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Big Surprise: Raising the Minimum Wage Is Good for the Economy

Topics: Current Events
Opponents of raising the minimum wage continue to scream that paying working class people higher wages will destroy the economy and the American way of capitalistic freedom will end. We have hard evidence that this is simply not true.

Opponents of raising the minimum wage continue to scream that paying working class people higher wages will destroy the economy and the American way of capitalistic freedom will end. We have hard evidence that this is simply not true.

(Photo Credit: Fibonacci Blue/Flickr)

Thirteen states raised the minimum wage at the beginning of 2014: Rhode Island, Colorado, Montana, Vermont, Arizona, Oregon, Florida, Washington, Ohio, New York, West Virginia, New Jersey and Connecticut. Far from tanking their economies, these 13 states have enjoyed an average of 0.28 percent rise in employment since the start of the year.

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Naysayers will argue that 0.28 percent is not much to celebrate, but remember, those against raising the wage have said it will cause employment to decrease. It hasn’t; and just the opposite is happening in states with higher minimum wages.

Public Opinion

A recent Reason-Rupe poll found that about 67 percent of Americans favor raising the minimum wage to $10.10 per hour. When asked how companies will be able to pay a higher wage, 38 percent of respondents said employers were likely to raise prices, 32 said they’d lay off workers, and 24 percent said companies would cut profits and executive salaries.

We just discussed that raising the wage is not reducing employment; as a matter of fact, just the opposite is happening.

San Francisco and other areas are also demonstrating that any rise in price of goods and services is not hurting businesses. It seems that by raising the wage, more people can afford to purchase goods and services at prices that keep businesses healthy. San Francisco’s data goes back 15 years, and includes not just higher minimum wages but also improved benefits for workers. Recently, Seattle’s mayor struck a deal with business leaders that may enable that city to raise the minimum wage to $15 an hour; time will tell if they have similar results.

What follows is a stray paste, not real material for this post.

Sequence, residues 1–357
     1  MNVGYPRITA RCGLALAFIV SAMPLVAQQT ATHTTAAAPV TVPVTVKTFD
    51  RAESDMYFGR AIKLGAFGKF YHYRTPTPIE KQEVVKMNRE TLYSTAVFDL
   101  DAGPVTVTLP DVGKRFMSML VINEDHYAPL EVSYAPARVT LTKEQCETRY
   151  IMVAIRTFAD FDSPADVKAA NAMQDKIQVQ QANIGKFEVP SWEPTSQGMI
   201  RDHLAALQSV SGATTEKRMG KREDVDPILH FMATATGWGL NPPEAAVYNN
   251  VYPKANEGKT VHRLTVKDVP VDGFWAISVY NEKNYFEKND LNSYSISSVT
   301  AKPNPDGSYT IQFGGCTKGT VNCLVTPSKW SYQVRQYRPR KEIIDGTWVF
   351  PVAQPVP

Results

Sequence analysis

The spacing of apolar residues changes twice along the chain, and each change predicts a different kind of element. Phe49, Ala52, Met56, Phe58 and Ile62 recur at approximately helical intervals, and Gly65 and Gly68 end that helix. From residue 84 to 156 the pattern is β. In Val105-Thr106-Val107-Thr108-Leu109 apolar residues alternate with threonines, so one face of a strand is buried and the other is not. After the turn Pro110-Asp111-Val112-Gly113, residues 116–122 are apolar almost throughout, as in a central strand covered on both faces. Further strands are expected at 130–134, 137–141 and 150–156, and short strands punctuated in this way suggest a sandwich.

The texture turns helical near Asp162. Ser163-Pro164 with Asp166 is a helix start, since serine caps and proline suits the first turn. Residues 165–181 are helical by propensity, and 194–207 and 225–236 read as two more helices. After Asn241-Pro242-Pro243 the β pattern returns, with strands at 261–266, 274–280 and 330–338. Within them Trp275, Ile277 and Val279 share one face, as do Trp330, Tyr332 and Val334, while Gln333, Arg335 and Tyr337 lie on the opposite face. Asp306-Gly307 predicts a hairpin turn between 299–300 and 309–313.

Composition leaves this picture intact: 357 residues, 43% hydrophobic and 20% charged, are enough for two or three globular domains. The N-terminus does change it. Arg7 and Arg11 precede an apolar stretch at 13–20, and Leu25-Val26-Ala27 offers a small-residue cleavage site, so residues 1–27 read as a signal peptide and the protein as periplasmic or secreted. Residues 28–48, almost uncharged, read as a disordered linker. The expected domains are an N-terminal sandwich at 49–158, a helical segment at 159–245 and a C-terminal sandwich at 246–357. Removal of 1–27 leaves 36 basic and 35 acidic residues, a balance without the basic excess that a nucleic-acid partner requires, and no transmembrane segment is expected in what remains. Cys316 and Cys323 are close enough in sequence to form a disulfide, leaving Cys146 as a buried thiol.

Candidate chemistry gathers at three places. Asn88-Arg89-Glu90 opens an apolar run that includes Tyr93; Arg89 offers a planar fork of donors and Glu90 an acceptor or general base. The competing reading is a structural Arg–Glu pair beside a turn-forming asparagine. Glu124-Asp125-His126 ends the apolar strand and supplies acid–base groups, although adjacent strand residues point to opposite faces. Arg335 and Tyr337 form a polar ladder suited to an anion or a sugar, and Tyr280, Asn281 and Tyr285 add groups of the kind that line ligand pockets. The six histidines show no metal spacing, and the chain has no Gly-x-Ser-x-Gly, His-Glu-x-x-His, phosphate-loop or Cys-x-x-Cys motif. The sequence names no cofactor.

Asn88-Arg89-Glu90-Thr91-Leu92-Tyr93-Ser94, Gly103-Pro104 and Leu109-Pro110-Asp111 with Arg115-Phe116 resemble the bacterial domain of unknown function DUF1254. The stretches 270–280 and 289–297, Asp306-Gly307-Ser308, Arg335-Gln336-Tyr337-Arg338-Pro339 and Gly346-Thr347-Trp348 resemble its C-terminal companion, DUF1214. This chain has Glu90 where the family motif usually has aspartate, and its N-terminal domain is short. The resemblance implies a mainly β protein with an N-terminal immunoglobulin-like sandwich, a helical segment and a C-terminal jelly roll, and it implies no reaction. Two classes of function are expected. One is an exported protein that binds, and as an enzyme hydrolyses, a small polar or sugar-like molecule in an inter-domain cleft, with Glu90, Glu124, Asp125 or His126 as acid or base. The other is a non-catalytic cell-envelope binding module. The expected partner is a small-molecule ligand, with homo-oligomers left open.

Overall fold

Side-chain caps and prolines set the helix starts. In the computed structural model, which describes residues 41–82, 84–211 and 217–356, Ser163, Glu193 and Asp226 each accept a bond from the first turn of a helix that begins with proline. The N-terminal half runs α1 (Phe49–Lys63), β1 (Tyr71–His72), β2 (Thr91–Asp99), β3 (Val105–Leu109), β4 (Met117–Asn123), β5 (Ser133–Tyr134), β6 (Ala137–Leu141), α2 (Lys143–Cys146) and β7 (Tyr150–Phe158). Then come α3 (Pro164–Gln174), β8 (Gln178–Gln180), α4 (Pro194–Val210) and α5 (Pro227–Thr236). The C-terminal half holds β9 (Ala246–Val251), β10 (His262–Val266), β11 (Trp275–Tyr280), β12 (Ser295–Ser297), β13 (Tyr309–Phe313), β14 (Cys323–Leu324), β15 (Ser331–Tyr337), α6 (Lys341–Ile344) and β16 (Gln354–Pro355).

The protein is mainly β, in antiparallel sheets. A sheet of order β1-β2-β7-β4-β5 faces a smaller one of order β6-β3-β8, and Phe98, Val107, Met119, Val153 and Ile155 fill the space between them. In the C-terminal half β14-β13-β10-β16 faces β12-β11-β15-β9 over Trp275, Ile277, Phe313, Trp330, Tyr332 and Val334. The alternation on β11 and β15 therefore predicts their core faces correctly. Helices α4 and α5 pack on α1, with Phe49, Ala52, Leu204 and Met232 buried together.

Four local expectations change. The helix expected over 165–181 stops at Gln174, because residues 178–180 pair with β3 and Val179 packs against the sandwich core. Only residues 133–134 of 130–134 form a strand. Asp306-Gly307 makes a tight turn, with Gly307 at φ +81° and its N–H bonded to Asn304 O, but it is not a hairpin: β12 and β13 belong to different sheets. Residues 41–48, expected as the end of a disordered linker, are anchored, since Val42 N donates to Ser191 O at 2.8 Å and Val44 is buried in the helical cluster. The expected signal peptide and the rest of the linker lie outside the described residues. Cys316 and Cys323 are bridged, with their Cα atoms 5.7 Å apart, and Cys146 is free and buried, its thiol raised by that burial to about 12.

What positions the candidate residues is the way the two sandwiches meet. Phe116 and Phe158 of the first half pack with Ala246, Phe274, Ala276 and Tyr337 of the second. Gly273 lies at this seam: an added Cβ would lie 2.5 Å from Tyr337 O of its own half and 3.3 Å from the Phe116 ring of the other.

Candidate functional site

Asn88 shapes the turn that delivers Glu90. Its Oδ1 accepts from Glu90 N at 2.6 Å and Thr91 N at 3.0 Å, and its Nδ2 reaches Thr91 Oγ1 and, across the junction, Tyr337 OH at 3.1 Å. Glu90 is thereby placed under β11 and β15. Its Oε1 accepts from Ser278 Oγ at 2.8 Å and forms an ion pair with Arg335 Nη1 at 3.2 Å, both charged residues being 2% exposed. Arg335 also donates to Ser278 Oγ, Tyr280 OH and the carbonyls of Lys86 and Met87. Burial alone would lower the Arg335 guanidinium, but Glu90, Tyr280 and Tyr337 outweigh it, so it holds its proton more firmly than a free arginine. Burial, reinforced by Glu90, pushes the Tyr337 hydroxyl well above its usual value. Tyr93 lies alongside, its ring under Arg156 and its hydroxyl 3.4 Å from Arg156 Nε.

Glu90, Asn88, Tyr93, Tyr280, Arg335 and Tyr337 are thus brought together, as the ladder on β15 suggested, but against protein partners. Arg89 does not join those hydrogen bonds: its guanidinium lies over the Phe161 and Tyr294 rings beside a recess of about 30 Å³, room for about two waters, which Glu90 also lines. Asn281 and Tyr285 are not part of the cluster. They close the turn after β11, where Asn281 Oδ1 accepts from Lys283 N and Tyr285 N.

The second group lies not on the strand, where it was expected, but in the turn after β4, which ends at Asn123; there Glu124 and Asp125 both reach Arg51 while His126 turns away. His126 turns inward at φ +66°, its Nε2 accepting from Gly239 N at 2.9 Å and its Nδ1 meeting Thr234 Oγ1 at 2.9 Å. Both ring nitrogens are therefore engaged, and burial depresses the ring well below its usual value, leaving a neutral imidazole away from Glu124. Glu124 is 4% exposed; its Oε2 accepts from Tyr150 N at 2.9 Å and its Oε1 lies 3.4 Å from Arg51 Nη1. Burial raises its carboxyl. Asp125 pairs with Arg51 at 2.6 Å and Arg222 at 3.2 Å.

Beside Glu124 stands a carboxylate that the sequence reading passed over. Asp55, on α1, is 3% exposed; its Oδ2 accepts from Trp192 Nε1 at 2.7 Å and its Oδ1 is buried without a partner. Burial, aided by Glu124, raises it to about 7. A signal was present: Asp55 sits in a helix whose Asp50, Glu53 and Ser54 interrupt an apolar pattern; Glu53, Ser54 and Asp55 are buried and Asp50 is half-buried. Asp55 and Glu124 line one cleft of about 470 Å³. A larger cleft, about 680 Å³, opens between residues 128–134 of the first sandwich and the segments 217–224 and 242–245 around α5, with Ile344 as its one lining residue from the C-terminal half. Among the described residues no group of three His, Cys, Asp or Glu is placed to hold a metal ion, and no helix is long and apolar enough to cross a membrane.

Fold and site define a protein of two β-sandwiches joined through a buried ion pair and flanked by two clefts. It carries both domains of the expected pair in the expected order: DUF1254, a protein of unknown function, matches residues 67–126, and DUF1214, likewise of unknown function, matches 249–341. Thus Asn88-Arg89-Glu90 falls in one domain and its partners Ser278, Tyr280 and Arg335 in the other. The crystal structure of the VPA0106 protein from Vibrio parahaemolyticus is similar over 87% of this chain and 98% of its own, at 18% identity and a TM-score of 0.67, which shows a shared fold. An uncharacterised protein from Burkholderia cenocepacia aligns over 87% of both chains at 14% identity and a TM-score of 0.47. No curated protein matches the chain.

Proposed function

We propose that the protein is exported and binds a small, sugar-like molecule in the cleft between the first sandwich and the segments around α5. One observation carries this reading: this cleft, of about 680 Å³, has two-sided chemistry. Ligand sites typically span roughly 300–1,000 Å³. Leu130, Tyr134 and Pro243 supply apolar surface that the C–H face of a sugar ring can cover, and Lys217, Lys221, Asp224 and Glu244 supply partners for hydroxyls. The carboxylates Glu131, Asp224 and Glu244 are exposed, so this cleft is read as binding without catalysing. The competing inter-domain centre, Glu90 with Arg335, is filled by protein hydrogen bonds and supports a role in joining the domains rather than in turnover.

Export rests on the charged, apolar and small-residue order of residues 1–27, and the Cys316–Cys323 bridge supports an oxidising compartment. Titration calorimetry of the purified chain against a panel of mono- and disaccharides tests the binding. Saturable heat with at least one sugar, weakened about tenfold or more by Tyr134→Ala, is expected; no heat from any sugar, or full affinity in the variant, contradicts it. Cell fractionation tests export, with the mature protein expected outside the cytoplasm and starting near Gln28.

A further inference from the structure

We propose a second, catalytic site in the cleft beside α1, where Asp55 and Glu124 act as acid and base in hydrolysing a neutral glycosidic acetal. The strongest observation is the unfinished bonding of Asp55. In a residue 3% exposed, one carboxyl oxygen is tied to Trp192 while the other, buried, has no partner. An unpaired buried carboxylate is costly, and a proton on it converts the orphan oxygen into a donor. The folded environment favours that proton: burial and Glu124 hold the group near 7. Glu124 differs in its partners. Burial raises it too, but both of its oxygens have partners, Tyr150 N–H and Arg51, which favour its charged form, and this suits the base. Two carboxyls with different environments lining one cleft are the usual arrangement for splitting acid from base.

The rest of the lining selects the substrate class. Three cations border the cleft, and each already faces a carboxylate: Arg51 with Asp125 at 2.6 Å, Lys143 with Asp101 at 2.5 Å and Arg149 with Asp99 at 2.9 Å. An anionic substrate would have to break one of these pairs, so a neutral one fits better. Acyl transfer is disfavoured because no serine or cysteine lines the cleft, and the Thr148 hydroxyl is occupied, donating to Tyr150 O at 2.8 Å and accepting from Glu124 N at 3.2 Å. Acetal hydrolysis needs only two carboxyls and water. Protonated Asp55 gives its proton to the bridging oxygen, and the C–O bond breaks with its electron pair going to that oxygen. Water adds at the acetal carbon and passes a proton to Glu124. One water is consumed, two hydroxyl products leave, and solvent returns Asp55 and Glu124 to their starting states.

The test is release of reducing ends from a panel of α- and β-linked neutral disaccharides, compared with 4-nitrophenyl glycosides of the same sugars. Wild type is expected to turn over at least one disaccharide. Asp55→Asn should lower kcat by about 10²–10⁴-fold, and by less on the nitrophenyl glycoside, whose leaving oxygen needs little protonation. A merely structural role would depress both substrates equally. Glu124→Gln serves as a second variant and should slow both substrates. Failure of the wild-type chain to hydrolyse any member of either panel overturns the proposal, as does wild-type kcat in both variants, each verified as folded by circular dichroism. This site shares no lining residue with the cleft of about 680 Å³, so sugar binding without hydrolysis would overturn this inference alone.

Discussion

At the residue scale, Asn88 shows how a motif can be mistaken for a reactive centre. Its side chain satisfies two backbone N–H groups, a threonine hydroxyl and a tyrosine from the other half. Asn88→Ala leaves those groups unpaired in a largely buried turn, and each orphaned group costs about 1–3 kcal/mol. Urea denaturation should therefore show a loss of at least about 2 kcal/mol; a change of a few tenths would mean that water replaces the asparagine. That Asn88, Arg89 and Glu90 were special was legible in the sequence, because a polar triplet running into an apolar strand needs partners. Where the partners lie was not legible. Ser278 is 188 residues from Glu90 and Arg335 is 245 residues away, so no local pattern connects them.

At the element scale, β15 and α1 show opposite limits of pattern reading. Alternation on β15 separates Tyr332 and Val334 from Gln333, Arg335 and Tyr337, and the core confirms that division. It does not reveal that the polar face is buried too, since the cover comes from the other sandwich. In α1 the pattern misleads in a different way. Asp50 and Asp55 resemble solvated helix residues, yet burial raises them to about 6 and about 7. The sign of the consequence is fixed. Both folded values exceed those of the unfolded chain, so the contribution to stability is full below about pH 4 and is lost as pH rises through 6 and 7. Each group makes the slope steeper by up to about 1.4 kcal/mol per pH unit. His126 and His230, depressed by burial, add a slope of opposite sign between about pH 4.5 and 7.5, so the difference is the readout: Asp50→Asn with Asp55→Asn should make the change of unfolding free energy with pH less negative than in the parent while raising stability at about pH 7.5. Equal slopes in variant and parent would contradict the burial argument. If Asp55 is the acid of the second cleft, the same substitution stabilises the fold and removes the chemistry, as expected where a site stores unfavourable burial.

So, if raising the wage does not destroy the economy, reduce employment, and raise prices sky-high, what is left? Is it possible we may have to pay chief executive officers a few million less?

Tell Us What You Think

How do you think businesses afford a higher minimum wage? We want to hear from you! Leave a comment or join the discussion on Twitter.


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John
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John

Well, if we’re going to raise it to $10.10… why not raise it to $12.00 an hour?

Priscilla
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Priscilla

$7.25 an hour as the Federal minimum wage is not a stepping stone to a higher paying job for thousands of Pennsylvania adults living in poverty.

The last decade saw tripling of gasoline and oil prices, doubling of utility and food prices.

The Federal minimum wage needs to be raised to $10.10 an hour soon.

Period.

Ronald Chu
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Ronald Chu

In a free economy, government should not be involved in setting prices — in this case, wages. I beleive in competition, and it always drives toward better results. Bear in mind that competition does not necessarily drive down wages. Some employers will figure out that to deliver high quality services, they need to pay their employees more, and that in terms attract more business. Workers will improve themselves so that they are more productive and more sought by employers who value their contribution. Government setting mnimum wage destroys this dynamics. That is one step closer to socialism, which we know… Read more »

DRL
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DRL

Why can’t we get people to understand that we will pay for it one way or the other.  I agree with John.  The minimum wage is a stepping stone to a career and full time job.  The people who support arguments increasing the minimum wage are the same morons who believe the government can spend us into prosperity—we just need more time.

Go ahead and increase the minimum wage.  When Burger King starts charging $15.00 for a Whopper, I will be vindicated.

John
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Really? You’re going to cite a 0.28 rise in employment in a quarter of the states in the union to espouse raising the minumum wage will kick start the nation’s economy? Then using a poll that found 67% of the people favor raising the minimum wage? Of course they favor it… who wouldn’t favor receiving more money without needing to work any harder or more hours. Even using phrasing such as “It seems that by raising the minumum wage…” and “time will tell” is proof that there’s nothing concrete in this article to justify the headline, or uphold the this… Read more »

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